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The Center for Network Systems Biology looks to proteins for the answer

Mapping cures

Andrew Emili portrait
Andrew Emili
Professor of Biochemistry and Biology at the School of Medicine and the College of Arts & Sciences

Think of Andrew Emili as the Magellan of proteins.

The renowned molecular systems biologist says that human health and development depend on the network of interactions between the tens of thousands of proteins encoded in the human genome. But despite rapid advances in genomics, scientists know little about how these interactions work and how faulty interactions lead to disease.

This is where Emili and the new University-wide Center for Network Systems Biology (CNSB) come in. Emili hopes to create maps of protein interactions, which he describes as assembly instructions for molecular networks, and make them available to the broader research community. His ultimate goal is to translate this basic knowledge into novel diagnostic and therapeutic tools for cancer, cardiovascular disease, and Alzheimer’s disease and other neurodegenerative disorders.

“BU has tremendous resources, and, given the widespread community support, I think the center can leapfrog ahead and chart out some exciting new terrain to claim and explore.”

Emili, director of the CNSB, is widely regarded as a leader in the use of proteomics, the study of the protein products of genes, and mass spectrometry, a tool that can separate individual proteins from their connections, as well as bioinformatics and other molecular genetic and genomic technologies.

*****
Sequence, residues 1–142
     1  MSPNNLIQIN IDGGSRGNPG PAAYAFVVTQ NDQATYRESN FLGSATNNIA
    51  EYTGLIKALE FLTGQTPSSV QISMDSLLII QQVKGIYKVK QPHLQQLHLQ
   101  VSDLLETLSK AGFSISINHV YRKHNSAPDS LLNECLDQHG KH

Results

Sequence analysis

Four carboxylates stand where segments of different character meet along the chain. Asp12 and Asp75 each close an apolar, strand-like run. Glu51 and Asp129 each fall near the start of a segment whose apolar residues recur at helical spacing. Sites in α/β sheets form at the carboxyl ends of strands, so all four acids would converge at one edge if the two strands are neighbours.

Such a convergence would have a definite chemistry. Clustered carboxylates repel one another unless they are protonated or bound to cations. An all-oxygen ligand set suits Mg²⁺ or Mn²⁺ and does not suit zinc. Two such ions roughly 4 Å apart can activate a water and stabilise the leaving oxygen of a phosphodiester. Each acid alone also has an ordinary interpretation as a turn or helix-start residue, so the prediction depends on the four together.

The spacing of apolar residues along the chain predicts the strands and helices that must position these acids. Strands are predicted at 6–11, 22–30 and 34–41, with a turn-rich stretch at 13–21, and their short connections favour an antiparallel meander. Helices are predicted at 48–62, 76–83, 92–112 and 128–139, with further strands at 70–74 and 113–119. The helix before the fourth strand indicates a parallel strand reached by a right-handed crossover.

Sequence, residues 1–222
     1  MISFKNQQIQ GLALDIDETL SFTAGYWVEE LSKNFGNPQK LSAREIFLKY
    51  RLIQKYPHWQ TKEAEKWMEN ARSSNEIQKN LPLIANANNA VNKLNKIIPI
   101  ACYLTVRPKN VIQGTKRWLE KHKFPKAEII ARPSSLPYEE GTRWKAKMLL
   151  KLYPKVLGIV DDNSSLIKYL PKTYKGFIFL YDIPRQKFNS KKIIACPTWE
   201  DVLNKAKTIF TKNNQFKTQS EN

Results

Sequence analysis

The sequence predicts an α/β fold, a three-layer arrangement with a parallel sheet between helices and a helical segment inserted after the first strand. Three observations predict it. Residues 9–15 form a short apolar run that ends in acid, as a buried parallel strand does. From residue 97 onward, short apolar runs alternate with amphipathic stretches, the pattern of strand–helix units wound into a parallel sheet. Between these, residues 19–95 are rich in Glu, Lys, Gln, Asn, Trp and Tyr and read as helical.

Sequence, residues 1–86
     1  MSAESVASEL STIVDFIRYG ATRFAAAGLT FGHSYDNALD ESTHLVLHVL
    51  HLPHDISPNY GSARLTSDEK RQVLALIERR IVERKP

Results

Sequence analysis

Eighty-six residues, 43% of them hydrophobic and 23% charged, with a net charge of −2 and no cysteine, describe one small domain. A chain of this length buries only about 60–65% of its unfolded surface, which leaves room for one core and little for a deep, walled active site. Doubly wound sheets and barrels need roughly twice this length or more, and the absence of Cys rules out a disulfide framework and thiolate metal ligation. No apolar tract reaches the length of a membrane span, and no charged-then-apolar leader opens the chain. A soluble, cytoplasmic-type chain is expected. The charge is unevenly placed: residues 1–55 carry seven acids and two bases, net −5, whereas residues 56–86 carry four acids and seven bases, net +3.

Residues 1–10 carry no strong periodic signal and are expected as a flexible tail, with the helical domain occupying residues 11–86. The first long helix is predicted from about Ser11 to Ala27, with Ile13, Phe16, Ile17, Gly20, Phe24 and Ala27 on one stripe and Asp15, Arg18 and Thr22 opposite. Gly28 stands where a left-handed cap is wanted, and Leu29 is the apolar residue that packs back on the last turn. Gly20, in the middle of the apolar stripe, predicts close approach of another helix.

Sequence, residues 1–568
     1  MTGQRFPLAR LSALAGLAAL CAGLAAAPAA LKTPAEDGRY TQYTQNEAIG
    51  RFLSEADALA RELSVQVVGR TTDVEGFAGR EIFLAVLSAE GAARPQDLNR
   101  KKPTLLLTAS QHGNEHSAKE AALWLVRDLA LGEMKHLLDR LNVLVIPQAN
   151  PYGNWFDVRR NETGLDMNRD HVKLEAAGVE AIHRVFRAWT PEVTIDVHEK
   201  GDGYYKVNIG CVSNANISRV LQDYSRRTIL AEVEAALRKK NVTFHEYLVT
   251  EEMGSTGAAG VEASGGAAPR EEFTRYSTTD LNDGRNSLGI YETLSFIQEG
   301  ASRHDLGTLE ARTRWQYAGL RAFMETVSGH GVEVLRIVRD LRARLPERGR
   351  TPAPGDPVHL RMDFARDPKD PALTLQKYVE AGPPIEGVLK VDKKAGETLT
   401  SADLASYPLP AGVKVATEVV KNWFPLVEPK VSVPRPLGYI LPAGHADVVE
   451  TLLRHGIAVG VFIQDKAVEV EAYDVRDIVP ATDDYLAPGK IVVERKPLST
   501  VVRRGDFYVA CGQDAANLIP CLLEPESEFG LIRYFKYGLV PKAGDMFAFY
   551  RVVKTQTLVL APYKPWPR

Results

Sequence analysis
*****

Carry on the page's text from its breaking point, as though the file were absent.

As a jointly appointed faculty member at the School of Medicine biochemistry department and the College of Arts & Sciences biology department, Emili serves as a bridge between the Medical and Charles River Campuses. His vision for the CNSB is “a highly collaborative, multidisciplinary research hub that tackles important fundamental questions in the field by forging new links with interested researchers across all BU campuses, the greater Boston area, and the world.

“BU has tremendous resources,” says Emili, “and, given the widespread community support, I think the center can leapfrog ahead and chart out some exciting new terrain to claim and explore. Let’s see what riches this initiative will yield.”

What’s your provenance, Pablo?

You might know the masterpiece, but do you know where it’s been? If thieves ever got their hands on it? Or wartime looters? Or was it forgotten in some relative’s attic?

Dos Mujeres (Salvadora y Herminia), Frida Kahlo

Dos Mujeres (Salvadora y Herminia), Frida Kahlo, 1928 Boston’s Museum of Fine Arts purchased this oil-on-canvas in 2015 from the family of a wealthy American industrialist, who bought it the year after its completion. At that time, Kahlo was relatively unknown and sold the painting for three pesos. Today, her work goes for millions.

Jodi Cranston’s virtual art museum delivers the answers to such questions. Mapping Paintings went live last summer, detailing what’s known about the ownership lineage of 750 artworks by 200 masters, complete with maps and timelines. The site is the product of six years of work by Cranston, a College of Arts & Sciences professor of the history of art and architecture, and a team of students. Created with support from the Kress Foundation and BU’s Rafik B. Hariri Institute for Computing and Computational Science & Engineering, Mapping Paintings also allows users to map any artwork.

The aim, Cranston says, is to help viewers see “the interrelationship between an artwork and its changing historical context.”